The REcapitulator was asked by an acquantance the other day how the CDO market is effected by the MBS markets, and I found my response was far too complicated for a layman. This deficiency cannot stand uncorrected, and thus I write today to simplify how these two derivatives interact.
An MBS, or mortguage-backed security, is a derivative that provides cash-flow rights from a group of mortgages to a buyer of the security.
Lenders to homes like to securitize liabilities like mortguages because it frees
up capital for other purposes in addition to being a profitable business itself.
However, when the MBS is backed by "sub-prime" borrowers, it is difficult to find bidders for the securities (one of the reasons investors like MBS's is because they exhibit a property called negative convexity, and a post on this will be forthcoming).
I-banks cater to needs of disparate investors, some of whom like very safe investments, some willing to hold more risk, and some willing to hold a great deal of risk, of course hoping to reap a more handsome reward.
So I-banks divide the MBS securities into several different "levels" (spatially speaking, not geographically speaking) of risk and return. The levels are typically described, proceeding from lowest risk level to highest risk level, as "Investment Grade",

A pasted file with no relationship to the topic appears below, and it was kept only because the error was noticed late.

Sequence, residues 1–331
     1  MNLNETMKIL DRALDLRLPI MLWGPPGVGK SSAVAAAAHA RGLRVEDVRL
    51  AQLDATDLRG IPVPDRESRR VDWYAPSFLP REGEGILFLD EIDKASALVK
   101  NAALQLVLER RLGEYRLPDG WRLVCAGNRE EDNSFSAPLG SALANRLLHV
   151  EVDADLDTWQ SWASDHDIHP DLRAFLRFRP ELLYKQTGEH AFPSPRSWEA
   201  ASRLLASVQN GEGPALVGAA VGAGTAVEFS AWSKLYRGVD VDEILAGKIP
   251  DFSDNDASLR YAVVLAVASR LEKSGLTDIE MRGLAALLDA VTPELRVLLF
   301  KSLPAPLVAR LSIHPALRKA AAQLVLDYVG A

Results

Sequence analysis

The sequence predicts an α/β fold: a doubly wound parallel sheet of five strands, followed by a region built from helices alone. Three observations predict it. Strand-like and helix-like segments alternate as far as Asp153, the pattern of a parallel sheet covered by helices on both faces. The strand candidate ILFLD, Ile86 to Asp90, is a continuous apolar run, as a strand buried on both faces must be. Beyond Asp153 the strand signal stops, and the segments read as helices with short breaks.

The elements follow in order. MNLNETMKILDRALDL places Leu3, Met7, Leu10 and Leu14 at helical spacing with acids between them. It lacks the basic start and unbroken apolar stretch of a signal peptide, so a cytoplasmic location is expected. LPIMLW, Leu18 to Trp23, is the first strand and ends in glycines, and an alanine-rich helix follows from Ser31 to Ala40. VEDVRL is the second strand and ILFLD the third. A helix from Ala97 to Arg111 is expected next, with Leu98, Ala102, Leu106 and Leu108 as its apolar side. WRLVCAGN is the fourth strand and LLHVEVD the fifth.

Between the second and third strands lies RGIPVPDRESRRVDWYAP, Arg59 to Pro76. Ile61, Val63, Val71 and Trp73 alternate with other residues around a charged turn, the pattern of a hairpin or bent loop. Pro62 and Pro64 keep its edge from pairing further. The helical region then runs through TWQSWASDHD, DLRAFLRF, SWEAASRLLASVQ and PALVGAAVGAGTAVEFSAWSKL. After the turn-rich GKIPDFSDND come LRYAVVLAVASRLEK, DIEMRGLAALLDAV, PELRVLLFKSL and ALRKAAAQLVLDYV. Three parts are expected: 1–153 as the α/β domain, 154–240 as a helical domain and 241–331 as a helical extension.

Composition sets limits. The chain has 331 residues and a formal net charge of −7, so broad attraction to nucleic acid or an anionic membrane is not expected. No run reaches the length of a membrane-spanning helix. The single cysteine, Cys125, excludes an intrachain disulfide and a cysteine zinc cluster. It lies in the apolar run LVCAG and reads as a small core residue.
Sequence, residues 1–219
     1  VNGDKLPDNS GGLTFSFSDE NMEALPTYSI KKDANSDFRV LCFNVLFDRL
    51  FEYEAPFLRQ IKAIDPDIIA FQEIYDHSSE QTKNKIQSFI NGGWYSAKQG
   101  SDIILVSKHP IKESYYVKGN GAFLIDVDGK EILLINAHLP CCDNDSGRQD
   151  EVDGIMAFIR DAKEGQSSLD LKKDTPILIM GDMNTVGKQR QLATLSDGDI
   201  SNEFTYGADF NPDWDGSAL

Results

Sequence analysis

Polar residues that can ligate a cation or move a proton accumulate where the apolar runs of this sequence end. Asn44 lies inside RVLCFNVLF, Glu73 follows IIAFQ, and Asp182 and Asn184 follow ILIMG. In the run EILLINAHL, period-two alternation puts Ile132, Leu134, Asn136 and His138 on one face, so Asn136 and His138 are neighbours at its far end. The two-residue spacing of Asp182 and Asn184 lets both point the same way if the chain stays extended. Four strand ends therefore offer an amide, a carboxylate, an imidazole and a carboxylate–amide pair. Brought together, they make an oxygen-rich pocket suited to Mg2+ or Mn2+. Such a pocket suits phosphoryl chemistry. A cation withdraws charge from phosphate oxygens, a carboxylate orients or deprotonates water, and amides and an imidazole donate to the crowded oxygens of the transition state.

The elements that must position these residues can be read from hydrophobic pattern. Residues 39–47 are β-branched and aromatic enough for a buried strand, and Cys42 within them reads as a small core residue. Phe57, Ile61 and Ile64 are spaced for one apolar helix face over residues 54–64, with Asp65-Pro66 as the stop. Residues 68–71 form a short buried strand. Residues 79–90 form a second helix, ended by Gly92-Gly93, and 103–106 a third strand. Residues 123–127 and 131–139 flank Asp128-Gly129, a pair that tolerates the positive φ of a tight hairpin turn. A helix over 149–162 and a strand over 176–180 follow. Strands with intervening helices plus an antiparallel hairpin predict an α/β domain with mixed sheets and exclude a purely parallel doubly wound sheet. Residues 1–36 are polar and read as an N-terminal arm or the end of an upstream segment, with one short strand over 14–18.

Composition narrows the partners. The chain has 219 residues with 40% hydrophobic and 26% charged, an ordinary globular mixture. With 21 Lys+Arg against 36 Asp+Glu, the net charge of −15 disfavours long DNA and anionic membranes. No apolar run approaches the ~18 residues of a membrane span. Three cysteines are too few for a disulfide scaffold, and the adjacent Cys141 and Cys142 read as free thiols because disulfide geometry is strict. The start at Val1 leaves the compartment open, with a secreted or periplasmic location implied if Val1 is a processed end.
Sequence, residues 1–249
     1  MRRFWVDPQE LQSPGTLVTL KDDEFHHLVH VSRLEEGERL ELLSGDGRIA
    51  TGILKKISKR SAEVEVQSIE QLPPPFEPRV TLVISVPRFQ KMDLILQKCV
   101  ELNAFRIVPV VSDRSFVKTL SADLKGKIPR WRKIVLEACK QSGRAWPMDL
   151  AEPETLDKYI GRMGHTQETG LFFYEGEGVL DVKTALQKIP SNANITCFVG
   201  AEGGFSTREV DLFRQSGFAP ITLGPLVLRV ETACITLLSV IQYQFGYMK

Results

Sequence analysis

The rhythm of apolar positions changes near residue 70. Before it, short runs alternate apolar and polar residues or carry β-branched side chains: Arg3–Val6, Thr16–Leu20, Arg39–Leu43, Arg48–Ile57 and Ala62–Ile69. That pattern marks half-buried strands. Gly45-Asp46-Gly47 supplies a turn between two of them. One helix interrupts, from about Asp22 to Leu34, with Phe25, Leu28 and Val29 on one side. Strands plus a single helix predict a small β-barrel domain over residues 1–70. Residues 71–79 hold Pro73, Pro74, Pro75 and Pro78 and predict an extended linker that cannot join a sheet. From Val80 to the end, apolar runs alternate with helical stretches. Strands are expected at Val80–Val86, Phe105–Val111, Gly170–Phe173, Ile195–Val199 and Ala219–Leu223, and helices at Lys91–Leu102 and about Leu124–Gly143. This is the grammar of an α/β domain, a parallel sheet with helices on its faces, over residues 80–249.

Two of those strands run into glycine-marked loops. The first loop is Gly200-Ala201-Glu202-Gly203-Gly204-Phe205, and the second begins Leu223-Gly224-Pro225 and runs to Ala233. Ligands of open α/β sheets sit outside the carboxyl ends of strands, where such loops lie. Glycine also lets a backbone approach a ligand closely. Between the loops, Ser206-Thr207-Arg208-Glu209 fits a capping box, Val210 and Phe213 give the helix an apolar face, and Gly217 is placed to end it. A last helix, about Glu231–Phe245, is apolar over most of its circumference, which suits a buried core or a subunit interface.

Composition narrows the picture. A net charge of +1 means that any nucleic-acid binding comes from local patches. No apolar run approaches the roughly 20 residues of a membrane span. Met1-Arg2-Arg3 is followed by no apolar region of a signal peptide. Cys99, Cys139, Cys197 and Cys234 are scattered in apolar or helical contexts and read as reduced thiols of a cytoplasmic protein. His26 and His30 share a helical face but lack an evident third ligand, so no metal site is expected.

"Mezzanine", and "Equity". These categories as also known as "tranches" and are now grown up to become "CDO"s, or Collaterlized Debt Obligations - securities that depend on the values of the MBS groups so divided.
And so we follow the money. Cash flows from the mortguage payments now flow first to capitalize the safe, from a probablistic standpoint, investment grade bonds. Any remaining cash flows go to the mezzanine level, and then any remaining cash flow finally makes its way to the (by now somewhat nervous) "Equity" level CDO holders.
When there are mortguage defaults and slowing cash flows, firms like Bear Stearns, which opened a coupld of hedge funds for the specific purpose of investing in the "Equity" level of CDOs, get in trouble very quickly. Since the securities depend on the cash flows from the underlying mortguages, no money flowing to the Equity level means that these securities, which are not often traded, must be valued at far, far less than when the housing market was booming.